“What was going on at the grassroots level was one piece. In Grant County, the health officials were doing what they could. But we realized the challenge was more about a mobile approach. Having fixed vaccination sites was difficult for people in rural areas, where often an entire family shares one car. So, we went the extra mile. If we saw someone in need, we helped them get referred to services the best we could.”
Promotores conducting door-to-door outreach distributing COVID-19 tests.
Three individuals represent the Latino Civic Alliance at an event.
However, their work didn’t end with knocking on doors. They also dealt with complexities of mental health problems, immigration status, job insecurity, and non-compliant agricultural employers. In the face of these obstacles, LCA’s leaders and promotores went above and beyond in their efforts to provide culturally sensitive support to these vulnerable communities. Marie adds, “Mainly because we’re Latinos, our staff are Latinos, we understood the sense of urgency. It was a passion and a mission for us. But there were challenges. People lost loved ones. Adults and children were suffering from depression, and access to behavioral health services in rural areas was difficult. So, we were not only dealing with physical health but also mental health issues.”
Nina and LCA’s Resource Development and Administrative Director, Marie Bravo, pressed on in their commitment to the community, by implementing the Achieve Program, a vital after-school initiative in areas such as Moses Lake, Quincy, Mount Vernon School District, Highline, and Federal Way. The Achieve Program supported the children of agricultural workers with culturally tailored curriculum and resources, focusing not only on academic success but also on critical health and wellness aspects, with an emphasis on adapting swiftly to the remote learning challenges imposed by the pandemic. They also positioned themselves in community spaces such as churches, health clinics, schools, and even grocery stores to reach as many people as possible. Partnering with these institutions allowed them to amplify their reach and provide necessary resources.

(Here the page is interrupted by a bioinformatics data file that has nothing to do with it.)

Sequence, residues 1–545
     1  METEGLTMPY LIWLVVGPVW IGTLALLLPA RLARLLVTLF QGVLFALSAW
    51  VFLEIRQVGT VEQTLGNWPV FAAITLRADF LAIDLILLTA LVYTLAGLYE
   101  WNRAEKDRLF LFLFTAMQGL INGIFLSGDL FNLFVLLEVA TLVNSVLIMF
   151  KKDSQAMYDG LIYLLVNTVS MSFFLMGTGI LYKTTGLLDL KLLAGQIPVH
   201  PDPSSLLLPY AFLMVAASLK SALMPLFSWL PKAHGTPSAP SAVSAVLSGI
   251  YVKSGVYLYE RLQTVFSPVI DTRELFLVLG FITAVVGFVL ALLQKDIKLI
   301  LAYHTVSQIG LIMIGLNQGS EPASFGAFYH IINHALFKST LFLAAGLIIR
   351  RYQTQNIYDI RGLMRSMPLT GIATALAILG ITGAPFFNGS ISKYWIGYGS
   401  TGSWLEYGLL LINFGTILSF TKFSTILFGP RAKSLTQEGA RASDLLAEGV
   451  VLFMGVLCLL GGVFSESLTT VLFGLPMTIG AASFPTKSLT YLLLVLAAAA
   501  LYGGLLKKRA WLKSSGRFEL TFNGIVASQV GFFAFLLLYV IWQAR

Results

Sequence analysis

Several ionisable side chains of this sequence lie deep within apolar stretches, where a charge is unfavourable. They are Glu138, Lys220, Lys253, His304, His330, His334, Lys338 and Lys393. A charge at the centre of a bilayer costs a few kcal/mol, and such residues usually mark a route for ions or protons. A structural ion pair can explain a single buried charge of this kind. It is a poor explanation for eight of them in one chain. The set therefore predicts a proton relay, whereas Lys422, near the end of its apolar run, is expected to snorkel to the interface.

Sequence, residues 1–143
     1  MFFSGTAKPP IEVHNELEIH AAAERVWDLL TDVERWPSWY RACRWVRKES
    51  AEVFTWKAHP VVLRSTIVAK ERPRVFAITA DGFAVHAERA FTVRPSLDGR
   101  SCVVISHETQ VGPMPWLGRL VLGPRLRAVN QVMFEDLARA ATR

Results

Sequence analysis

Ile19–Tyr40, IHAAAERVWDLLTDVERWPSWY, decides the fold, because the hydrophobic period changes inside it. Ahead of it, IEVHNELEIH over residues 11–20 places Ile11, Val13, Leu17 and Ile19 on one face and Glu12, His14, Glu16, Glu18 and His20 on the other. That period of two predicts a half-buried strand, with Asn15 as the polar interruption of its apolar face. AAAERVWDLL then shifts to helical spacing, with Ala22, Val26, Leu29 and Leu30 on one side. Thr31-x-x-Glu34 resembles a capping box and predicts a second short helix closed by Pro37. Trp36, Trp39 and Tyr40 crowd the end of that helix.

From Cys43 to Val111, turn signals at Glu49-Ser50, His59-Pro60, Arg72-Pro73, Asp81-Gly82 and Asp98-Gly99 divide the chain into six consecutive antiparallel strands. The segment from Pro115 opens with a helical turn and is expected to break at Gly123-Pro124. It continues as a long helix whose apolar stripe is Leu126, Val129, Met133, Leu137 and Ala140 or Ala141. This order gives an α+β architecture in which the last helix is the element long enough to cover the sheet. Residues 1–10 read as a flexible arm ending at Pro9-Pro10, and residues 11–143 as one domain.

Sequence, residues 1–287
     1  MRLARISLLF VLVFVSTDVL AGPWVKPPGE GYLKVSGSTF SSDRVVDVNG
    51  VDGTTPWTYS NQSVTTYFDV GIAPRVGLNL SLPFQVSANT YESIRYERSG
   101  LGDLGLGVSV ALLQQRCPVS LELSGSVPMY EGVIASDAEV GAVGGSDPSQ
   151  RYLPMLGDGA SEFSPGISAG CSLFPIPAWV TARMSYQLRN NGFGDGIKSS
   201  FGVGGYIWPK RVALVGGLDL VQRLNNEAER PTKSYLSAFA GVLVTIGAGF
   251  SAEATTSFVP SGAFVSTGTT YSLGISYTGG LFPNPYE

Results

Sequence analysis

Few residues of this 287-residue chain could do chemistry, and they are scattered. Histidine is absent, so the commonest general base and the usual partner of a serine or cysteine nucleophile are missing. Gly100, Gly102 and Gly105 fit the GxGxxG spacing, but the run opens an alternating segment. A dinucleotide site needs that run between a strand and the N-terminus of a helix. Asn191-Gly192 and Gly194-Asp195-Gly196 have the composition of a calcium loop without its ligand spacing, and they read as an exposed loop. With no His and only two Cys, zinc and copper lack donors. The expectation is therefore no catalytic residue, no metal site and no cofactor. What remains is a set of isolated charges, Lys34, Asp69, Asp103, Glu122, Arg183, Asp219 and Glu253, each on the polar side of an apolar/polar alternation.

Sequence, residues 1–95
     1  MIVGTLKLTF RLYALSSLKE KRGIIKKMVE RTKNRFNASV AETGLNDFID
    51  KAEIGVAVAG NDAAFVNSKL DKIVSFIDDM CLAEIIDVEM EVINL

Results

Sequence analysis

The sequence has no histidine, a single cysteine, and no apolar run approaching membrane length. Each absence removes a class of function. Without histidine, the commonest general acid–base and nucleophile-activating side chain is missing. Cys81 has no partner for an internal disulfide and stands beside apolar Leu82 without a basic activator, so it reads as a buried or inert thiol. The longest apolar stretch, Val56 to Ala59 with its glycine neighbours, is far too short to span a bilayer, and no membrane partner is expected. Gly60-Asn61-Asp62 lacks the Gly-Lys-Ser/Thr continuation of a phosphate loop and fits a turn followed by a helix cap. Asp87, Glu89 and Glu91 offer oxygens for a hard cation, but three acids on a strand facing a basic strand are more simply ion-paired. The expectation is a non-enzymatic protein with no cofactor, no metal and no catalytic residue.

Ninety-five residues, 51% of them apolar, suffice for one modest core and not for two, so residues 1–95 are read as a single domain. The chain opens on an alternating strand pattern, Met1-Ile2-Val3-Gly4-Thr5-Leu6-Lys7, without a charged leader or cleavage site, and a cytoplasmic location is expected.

ACHIEVE program students showcasing their crafts
An instructor from the LCA’s Achieve Program guides a student as they dip a paintbrush into a palette filled with vibrant colors.
Reflecting on their experiences, Nina shared:
“There have been many stories, but one stands out. We visited a family where the father was against vaccination and was persuading his children to follow suit. Despite facing opposition, we didn’t give up. We worked with the mother who believed in vaccinations and wanted the best for her children but was afraid to contradict her husband. Over time, through persistent efforts and community events, she began to trust us. Eventually, she convinced her husband to get vaccinated, which led to their children getting vaccinated as well. This victory was due to our commitment to build trust within the community and our understanding of the cultural dynamics at play.”
People of different ages gathered outside a park.
The lessons that LCA has gained throughout working with Latino agricultural workers during the COVID-19 pandemic extend beyond the boundaries of the organization, helping LCA combat other health crises, such as the fentanyl issue prevalent within the communities they serve. The trained staff continue to use their tried-and-true outreach approach—a combination of door-to-door engagement and education. LCA has extended this strategy beyond COVID-19, educating the community on a wider array of health issues, including the growing concern of fentanyl abuse
This experience has taught Nina Martinez and Marie Bravo the power of collaboration, proactivity, and preparation. They’ve learned that agility and adaptability are key in navigating the uncertain waters of healthcare crises. It has not only broadened their perspective but has reinforced their commitment to sparking positive behavioral change within Latino communities.
To learn more about the impactful work of LCA, visit their website at https://latinocivicalliance.org/.